For months, Dewey Beach Mayor TJ Redefer has urged town officials to move forward. But now a Dewey commissioner has called for a new investigation into the town’s involvement in the police department’s military surplus equipment program.
At the Jan. 12 town council meeting, Commissioner Paul Bauer called for investigations into the Seasons Pizza demolition, a $35,000 transfer from the town’s general fund and two undisclosed bank accounts.
“The public has been very critical of us all of not being transparent, sweeping things under the rug,” Bauer said. “We’ve just investigated so far the police inventory. What we haven’t investigated, and I want to bring up for the next agenda, is the town had some activity in this program as well.”
The issue was not on the agenda at the Jan. 21 council meeting; Bauer called for it to be included on the Friday, Feb. 1 meeting agenda.
A.J. Schall, state coordinator of the military surplus equipment program, said the last piece of equipment received by the police department was a freight container on Jan. 24, 2018. This freight container is not on the military surplus inventory worksheet on the Town of Dewey website; an acquisition value for it is unknown.
Bauer said he wanted details on the Seasons Pizza demolition.
“The building didn’t fall down on its own,” Bauer said. “There’s military equipment on this list that is now in the possession of the contractor. We know that for a fact. What we don’t know is how it happened, who authorized it, was it done in the public? If if it wasn’t, then shame on the administration of the past.”
Emails provided to the Cape Gazette in August 2018 by Mayor TJ Redefer show Town Clerk Ashleigh Hudson emailed Police Chief Sam Mackert and then-Town Manager Marc Appelbaum April 2, 2016, to ask Mackert to contact Dirt Works for a demolition estimate.
Mackert responded he would; Appelbaum asked Mackert to explain what was going on.
Later emails show Hudson received the quote, forwarded it to Mackert and Appelbaum and said Dirt Works agreed to lower the cost in trade for equipment. Appelbaum responded with question marks.
In an estimate, Dirt Works said a 12 percent discount would be given if Seasons Pizza and another town-owned property at 1505 Coastal Highway were demolished at the same time. The estimate for Seasons Pizza was $18,500; 1505 Coastal Highway was $12,500. The estimate stated Dirt Works would consider trading the cost for all demolition work for military equipment from the police department.
The military surplus inventory worksheet shows a truck and forklift, with an original acquisition value of over $72,000, were exchanged for Dirt Works services. Only Seasons Pizza was demolished.
Nancy McCloskey, of Dewey Finance Department at that time, said in a Jan. 15 email that she had not seen the Dirt Works invoices or emails regarding them, but remembers a check for $5,000.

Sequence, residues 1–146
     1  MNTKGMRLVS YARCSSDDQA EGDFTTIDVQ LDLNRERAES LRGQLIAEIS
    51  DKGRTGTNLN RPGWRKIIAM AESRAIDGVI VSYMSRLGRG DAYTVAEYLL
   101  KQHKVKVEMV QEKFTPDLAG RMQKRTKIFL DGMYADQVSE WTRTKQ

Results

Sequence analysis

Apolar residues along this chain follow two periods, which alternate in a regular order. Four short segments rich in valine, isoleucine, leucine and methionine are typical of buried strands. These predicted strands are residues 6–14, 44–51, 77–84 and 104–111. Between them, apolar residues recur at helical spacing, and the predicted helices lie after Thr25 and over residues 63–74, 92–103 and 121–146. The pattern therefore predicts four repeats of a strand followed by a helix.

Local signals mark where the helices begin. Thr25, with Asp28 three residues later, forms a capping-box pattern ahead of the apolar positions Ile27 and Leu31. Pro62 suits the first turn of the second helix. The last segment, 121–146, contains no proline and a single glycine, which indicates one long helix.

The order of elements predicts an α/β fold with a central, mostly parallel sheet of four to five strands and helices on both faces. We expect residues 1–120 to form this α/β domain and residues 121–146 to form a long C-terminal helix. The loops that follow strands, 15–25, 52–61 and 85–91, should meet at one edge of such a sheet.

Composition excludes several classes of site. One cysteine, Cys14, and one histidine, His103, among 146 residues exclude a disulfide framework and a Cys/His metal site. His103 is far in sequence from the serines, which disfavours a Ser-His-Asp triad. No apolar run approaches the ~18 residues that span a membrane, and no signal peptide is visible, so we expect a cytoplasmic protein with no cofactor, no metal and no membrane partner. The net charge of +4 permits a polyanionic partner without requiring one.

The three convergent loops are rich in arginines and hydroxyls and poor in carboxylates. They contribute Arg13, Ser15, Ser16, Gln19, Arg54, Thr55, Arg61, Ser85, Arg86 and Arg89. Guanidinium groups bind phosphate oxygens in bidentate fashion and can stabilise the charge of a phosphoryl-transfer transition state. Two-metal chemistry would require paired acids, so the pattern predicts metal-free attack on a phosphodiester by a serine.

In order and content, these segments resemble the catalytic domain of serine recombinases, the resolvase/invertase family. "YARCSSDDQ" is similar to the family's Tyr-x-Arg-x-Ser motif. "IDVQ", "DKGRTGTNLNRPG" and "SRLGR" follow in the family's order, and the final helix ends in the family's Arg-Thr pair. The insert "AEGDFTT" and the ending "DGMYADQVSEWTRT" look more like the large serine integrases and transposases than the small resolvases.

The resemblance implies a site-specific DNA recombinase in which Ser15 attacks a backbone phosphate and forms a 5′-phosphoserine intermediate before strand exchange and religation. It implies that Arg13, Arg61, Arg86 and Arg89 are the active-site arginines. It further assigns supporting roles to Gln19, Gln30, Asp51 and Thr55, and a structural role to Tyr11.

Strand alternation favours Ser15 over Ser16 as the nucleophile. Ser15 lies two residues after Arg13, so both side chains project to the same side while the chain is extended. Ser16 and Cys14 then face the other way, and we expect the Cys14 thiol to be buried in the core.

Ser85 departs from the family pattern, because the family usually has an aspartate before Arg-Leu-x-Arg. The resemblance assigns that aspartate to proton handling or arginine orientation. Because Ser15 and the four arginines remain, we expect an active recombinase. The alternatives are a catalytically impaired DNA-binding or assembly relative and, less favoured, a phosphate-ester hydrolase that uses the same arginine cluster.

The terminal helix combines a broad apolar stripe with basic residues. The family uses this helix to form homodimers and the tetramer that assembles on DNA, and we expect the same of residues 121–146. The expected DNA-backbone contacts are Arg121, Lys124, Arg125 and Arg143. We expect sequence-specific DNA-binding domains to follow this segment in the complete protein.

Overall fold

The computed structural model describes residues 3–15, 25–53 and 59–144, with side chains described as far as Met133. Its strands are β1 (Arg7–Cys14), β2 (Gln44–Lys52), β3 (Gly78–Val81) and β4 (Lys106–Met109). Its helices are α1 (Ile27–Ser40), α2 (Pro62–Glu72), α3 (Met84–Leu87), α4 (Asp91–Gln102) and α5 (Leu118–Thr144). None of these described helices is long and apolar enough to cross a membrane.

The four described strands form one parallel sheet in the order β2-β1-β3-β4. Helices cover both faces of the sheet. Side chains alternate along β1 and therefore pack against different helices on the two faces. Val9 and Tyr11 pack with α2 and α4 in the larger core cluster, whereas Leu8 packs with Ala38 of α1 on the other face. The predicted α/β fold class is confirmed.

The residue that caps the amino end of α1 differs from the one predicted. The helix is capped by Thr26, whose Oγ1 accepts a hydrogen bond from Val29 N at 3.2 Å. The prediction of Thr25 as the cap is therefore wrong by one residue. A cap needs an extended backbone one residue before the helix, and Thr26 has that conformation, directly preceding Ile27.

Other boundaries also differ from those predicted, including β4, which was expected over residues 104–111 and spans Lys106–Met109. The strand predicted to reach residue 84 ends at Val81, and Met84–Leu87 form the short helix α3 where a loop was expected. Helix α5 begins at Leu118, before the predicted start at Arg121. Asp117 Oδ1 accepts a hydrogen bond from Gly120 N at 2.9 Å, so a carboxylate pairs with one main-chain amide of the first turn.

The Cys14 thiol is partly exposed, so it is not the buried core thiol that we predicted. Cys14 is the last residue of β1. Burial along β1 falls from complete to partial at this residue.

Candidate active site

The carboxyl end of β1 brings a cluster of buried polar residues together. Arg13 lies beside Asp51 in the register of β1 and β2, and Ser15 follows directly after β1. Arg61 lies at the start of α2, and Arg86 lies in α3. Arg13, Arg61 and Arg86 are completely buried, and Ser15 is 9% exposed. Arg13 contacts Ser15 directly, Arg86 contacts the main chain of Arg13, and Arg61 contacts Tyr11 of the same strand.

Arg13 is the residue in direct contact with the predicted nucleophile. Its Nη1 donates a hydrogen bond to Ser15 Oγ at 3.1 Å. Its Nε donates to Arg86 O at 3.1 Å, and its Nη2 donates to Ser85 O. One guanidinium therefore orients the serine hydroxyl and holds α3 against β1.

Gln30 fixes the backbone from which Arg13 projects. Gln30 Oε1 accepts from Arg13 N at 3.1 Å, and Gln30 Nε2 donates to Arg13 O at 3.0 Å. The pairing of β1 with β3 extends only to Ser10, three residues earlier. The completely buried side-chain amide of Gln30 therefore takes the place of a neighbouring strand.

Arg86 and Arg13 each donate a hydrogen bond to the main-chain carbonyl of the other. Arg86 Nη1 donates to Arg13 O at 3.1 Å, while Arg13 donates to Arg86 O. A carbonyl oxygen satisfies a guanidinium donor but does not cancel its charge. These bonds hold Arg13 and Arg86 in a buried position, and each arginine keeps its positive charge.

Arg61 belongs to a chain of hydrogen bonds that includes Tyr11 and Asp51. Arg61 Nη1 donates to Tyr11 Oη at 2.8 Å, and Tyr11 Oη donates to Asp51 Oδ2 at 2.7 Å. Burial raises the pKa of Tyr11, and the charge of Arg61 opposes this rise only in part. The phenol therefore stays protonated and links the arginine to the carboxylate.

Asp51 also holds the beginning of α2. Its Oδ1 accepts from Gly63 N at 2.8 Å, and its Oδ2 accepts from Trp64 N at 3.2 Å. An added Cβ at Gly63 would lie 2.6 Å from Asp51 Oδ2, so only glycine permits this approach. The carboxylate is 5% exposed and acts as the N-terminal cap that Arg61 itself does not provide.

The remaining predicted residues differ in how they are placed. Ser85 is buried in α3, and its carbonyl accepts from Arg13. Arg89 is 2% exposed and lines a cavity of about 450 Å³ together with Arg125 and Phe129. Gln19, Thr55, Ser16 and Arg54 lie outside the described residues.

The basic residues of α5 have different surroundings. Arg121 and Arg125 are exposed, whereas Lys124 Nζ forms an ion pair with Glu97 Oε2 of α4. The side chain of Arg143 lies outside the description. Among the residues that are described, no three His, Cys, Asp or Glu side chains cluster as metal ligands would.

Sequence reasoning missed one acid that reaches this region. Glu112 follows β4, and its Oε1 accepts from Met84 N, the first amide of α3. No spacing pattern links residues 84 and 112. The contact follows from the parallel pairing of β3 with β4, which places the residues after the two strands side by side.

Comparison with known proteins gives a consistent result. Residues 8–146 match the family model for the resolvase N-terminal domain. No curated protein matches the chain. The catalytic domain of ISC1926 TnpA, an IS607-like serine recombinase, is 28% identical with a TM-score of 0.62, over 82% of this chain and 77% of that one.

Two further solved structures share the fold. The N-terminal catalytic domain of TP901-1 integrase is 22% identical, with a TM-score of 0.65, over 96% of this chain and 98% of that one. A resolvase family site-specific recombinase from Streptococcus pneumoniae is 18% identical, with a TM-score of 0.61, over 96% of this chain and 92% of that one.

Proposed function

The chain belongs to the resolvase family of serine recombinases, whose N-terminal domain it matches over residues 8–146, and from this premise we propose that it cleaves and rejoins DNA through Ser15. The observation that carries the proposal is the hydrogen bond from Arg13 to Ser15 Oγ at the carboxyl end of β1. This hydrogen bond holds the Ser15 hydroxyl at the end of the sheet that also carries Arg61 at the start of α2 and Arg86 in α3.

“I have never seen anything in writing from a contractor that contained bartering for their service as a practice,” McCloskey said. “I do remember asking Marc about the payment of the $5,000 check to verify what expense code to give it. Marc said it's $5,000 for the demolition of the Seasons property.”
Then-Mayor Diane Hanson said in a Jan. 15 email that Appelbaum had told her about the exchange, which he called strange.
“The police were the ones who approached Marc [Appelbaum] with the idea of bartering and said someone who does demolition owed them a big favor,” Hanson said.
“In a way, I hope they do investigate,” Hanson added. “However, my concerns are that it will be a total waste of money, bring more negative news coverage to the town, and they will find nothing of consequence. And to what purpose? They keep saying they want to move forward, but are now taking a major step backwards for purely political reasons.”
$35,000 deposit in general fund
During the meeting, Bauer also said Commissioner Dale Cooke found a 2016 deposit for $35,000 in the town’s general fund.
In a Feb. 9, 2018 letter to the Gazette, McCloskey said the police department gave a temporary employee a check for $35,000 to deposit into the police department restricted account.
McCloskey said the check was placed in the town's expense-revenue line, used to report the sale of equipment or assets belonging to the town that required the police chief's submittal of program details and activities.
After the meeting, Cooke said $35,000 from the sale of military equipment had been placed in the general fund and that he had the amount moved to the police restricted fund when he served as interim town manager.
Surplus coordinator Schall said sale proceeds are not required to be placed in a police department restricted fund.
“Once the items are sold the town may place the funds in their general account or as their guidelines specify,” Schall said.
Bauer said the internal audit conducted by TGM Group found four police bank accounts under town control. He said members of the public allege two secret accounts also exist, and called for the town’s contracted human resources company to find them.
Commissioner David Moskowitz said an auditor would be more suitable to conduct such investigations. He called upon the town’s audit committee to issue an RFP for a new auditor.
“We need to move forward on replacing the auditor because I feel [TGM Group] did a bad job,” Moskowitz said.
An estimated budget for an investigation has not yet been made public.
Updated to indicate that Diane Hanson was mayor, not commissioner, in April 2016.